In the meantime, Thompson's character has a tedious job taking surveys at Heathrow Airport and fielding numerous calls each day from her needy mother, played by the much-heralded Eileen Atkins (most recently won an Emmy for her role in "Cranford"), who is convinced that her new neighbor is harboring a corpse in his woodshed.

Neither of our schlubs has much to hope for. By the time they encounter each other in the airport coffee shop/bar, their opening banter is about who is having the worst day. This is an over-40s romantic comedy that is sweet, observant and satisfying, with no car chases, no sweaty bodies, no blowie uppie stuff. Each of these stars has done better work, but we were there to be entertained, not enlightened, and they did the job.

As a side note, I LOVED their walks along the Thames, as they strolled past one landmark after another, each indelibly etched in my memory from my own happy travels to London.


Mall Cop

This is a silly, audience-pleasing way to waste a couple of hours. "Paul Blart: Mall Cop" (the actual name of this little frolic) has no socially redeeming value, but I wasn't bored.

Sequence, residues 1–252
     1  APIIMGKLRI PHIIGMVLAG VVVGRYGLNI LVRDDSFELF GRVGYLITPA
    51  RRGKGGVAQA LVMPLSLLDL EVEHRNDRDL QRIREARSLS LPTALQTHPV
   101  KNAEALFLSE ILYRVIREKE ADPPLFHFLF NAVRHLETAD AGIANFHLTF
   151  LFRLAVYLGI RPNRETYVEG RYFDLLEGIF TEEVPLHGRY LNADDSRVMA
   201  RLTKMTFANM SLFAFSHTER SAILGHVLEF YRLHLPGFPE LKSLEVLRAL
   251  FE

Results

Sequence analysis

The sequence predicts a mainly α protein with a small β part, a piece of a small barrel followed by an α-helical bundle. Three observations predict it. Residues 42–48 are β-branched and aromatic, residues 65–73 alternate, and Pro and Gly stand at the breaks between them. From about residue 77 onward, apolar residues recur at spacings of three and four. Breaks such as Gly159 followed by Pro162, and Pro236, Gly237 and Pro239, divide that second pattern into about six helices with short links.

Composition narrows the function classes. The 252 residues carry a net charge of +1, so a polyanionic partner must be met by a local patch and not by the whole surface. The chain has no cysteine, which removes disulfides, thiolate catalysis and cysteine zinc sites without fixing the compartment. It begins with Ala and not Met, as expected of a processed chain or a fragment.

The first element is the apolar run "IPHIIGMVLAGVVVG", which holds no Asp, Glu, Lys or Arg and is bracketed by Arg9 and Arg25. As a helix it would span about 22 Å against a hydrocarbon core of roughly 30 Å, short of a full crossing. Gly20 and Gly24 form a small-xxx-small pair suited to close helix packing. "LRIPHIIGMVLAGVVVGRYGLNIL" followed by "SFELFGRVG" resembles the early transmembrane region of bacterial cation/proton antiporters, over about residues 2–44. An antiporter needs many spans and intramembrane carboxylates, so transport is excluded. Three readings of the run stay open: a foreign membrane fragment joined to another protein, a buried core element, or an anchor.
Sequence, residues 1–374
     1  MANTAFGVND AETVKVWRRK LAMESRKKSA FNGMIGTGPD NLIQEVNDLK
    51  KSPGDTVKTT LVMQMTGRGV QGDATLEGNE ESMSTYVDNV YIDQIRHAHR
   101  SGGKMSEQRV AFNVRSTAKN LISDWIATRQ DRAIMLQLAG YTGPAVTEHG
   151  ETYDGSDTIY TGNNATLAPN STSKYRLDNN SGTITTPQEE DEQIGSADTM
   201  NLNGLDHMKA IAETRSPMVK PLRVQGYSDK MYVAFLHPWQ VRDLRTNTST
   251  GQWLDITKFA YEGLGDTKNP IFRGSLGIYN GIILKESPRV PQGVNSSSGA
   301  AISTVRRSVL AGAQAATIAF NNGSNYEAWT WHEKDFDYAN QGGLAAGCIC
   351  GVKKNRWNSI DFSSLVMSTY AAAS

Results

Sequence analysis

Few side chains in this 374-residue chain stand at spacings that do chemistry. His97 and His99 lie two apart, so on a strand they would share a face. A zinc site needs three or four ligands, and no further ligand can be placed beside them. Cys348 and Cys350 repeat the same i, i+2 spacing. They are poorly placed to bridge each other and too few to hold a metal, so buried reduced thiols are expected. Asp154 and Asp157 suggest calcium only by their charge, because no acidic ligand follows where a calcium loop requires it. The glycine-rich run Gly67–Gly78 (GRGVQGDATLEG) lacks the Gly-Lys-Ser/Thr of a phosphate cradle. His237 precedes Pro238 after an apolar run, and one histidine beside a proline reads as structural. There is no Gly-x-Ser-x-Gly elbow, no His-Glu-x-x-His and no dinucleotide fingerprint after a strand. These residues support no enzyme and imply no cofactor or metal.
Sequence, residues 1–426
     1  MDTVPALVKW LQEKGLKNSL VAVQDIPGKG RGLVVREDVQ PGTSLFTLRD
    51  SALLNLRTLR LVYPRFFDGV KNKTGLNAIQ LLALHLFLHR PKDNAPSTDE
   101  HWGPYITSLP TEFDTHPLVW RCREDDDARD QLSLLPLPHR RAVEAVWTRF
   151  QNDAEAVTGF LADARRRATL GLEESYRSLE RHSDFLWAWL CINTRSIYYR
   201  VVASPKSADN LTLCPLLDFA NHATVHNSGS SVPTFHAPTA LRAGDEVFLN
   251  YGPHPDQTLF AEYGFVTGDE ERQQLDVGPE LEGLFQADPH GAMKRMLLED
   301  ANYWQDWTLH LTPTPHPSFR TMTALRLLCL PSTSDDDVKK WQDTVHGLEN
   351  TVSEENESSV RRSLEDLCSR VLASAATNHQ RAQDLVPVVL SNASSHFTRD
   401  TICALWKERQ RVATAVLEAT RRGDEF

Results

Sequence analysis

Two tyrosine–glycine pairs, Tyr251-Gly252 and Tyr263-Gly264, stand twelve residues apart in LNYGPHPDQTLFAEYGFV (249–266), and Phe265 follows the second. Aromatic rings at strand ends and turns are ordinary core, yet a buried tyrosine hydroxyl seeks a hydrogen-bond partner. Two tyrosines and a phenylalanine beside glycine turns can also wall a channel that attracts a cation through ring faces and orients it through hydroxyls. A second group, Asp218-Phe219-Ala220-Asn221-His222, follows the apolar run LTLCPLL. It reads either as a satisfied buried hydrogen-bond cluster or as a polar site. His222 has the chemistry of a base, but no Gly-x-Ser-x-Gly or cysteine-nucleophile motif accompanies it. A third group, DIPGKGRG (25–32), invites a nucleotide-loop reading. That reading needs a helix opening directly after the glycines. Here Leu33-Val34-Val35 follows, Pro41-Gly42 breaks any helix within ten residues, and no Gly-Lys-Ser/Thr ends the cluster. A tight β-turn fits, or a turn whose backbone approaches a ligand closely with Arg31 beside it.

This movies starts as our eponymous hero, played by Kevin James ("Hitch" and 206 episodes of TV's "The King of Queens") successfully negotiates a police training obstacle course, only to fail within a few yards of his goal because his hypoglycemia kicks in. You next see him stuffing his disappointment with a big meal provided by his sympathetic mother and his early teenaged daughter played by Raini Rodriguez (her mother was an illegal who married our hero simply to get her green card, then split).

Both his mother and his daughter want him to start dating again, but he has serious reservations. He's self-conscious about his weight and he wants to try again for the policeman's job, even though he DOES enjoy being a mall cop.

A new hair accessories kiosk opens at the mall. It is run by Jayma Mays ("Bar Starz" and LOTS of TV work) who acts as though someone told her that a wide-eyed look was attractive. In my opinion, her acting range is limited to various bunny-in-the-headlights impressions.

The movie gets interesting when terrorists take over the shopping mall. Our hero was distracted and missed the announcement to evacuate, so he becomes the "inside man" for the city police force...the very ones he has been trying to join! The terrorists are wonderful to watch: They seem to be "parcour-trained" and their athleticism is astounding! ("Parcour" was the sport featured in the amazing opening sequence of last year's "Casino Royale." It consists of almost-suicidal leaps from rooftops and other promontories. In a shopping mall those would be escalators, balconies or kiosks.) On the other hand, when James tries to do a heroic run combined with a slide into hiding, he comes short and has to skooch over to shelter.